This blog represents most of the newspaper columns (appearing in various Colorado Community Newspapers and Yourhub.com) written by me, James LaRue, during the time in which I was the director of the Douglas County Libraries in Douglas County, Colorado. (Some columns are missing, due to my own filing errors.) This blog covers the time period from April 11, 1990 to January 12, 2012.

Unless I say so, the views expressed here are mine and mine alone. They may be quoted elsewhere, so long as you give attribution. The dates are (at least according my records) the dates of publication in one of the above print newspapers.

The blog archive (web view) is in chronological order. The display of entries, below, seems to be in reverse order, new to old.

All of the mistakes are of course my own responsibility.

Wednesday, June 13, 1990

June 13, 1990 - Summer Reading Program

I've been a father now for almost three years. In that time, I've learned a lot about the single most powerful influence on the parental mind: guilt.

On every side, the new parent is met with questions that seem simple enough at first, then get staggeringly complex. Should you use cloth diapers or disposables? Is it better to breastfeed or use bottles? Are playpens a simple lifestyle convenience -- or a sort of kiddie Auschwitz?

In some places I've lived, you almost had to get your children's names on the "right" preschool's waiting list before you got them home from the hospital. Is this academic one-upmanship, or sound educational planning? Then there's the BIG question: if both parents work, is the child going to grow up to be a serial killer?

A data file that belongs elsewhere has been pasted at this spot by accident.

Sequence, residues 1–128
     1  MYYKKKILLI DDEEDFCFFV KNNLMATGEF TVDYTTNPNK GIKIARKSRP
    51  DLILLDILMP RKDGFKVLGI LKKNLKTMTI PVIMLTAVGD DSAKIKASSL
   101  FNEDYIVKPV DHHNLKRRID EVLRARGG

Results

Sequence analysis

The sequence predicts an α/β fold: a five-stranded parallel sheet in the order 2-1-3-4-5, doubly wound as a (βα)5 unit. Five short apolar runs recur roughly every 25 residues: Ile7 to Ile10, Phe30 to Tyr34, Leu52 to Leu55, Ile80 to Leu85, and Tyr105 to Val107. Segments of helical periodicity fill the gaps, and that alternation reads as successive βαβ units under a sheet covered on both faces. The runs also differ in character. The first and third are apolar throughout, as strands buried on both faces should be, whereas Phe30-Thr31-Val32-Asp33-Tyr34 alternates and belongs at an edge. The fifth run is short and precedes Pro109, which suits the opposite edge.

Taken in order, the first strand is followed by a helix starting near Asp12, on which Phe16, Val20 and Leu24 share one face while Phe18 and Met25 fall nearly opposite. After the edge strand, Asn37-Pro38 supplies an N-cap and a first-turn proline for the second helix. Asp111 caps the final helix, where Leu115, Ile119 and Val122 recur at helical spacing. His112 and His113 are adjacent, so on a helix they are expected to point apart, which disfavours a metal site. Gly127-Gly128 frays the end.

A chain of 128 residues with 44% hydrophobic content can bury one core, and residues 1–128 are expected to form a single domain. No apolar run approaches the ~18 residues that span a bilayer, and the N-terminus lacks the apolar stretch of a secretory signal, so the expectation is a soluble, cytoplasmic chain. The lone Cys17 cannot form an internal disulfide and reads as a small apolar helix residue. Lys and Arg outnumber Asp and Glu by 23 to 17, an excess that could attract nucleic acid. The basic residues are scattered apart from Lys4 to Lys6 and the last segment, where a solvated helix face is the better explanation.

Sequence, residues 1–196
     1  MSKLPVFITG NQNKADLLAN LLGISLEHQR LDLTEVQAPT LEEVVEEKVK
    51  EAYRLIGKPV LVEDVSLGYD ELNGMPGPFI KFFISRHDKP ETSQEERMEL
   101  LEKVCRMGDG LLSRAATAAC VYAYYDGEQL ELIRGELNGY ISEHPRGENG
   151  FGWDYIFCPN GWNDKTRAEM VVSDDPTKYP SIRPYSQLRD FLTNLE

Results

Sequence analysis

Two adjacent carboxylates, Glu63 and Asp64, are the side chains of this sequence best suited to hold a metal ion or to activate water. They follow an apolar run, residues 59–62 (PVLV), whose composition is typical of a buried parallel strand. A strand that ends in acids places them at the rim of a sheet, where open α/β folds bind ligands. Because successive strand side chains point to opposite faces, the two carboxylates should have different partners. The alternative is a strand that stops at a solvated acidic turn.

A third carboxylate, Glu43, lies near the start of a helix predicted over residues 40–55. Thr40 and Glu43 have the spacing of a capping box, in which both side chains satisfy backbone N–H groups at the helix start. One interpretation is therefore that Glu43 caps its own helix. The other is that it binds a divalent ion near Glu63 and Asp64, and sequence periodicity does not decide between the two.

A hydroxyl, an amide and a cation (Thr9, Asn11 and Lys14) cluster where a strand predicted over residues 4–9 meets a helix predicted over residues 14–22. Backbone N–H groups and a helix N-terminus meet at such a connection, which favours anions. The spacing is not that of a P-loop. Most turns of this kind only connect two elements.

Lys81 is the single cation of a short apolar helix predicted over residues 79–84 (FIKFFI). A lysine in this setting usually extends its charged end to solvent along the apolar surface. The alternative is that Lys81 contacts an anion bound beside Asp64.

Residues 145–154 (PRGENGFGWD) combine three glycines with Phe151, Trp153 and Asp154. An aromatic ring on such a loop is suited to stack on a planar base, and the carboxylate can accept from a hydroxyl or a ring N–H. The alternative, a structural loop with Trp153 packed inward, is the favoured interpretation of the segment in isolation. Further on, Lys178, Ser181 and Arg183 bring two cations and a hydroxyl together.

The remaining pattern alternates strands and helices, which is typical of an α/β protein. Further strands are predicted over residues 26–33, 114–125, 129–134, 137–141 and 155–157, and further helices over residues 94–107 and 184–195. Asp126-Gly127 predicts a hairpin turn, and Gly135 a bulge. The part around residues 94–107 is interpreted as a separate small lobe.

On either side of these issues, there are hosts of persuasive experts, all citing alarming research. And as a librarian, I have to say that it makes sense to do a little reading before you make up your mind.

But guilt can go too far. A woman told me a story once that sticks with me. She and her mother were chatting when the woman's newborn child woke up and started crying. The new mom, desperate to do the right thing, started rapidly thumbing through one of the new baby Bibles to figure out what to do. The woman's mother, who'd raised six children, said carefully, "Put down the book. Pick up the baby."

I've met parents who march their children into the library the day after school lets out and announce, grimly, "Studies have shown that during the summer, children forget up to 80 percent of what they've learned in the previous year. And their reading skills can deteriorate by as much as a grade level." Then they sign up little Joan or Johnny in the Summer Reading Program in the name, I guess, of a higher grade point average.

What can I say? It's true. Children do forget a lot in the summer. BUT THAT'S THE POINT. THAT'S WHAT SUMMERS ARE FOR. Force a 6 year old to read so as not to lose an academic edge in the first few months of the next grade, and you will get a child who does not like the library.

But now that I've probably awakened all your guilt, let's put it back to sleep. Yes, I, a library expert, strongly recommend that you get your kids signed up for this year's summer reading program. Why?

Because they'll have fun! If kids read for just 12 hours over the summer -- and they can read anything they want, we'll give them fancy certificates, and PRIZES. And if you have children that are too young to read, then you can read to them for just six hours over the summer. They still get prizes.

We'll also have some other fun stuff. We'll have storytellers and skateboarding demonstrations. We'll have photography contests. We'll have air-conditioning.

So what are you waiting for? Take your kids out for an ice cream cone. Then, with great enthusiasm, say, "Hey, I just got a great idea! Let's go to the LIBRARY. I hear they've got some cool things happening this summer."

Sure it's good for them. But they don't have to know.

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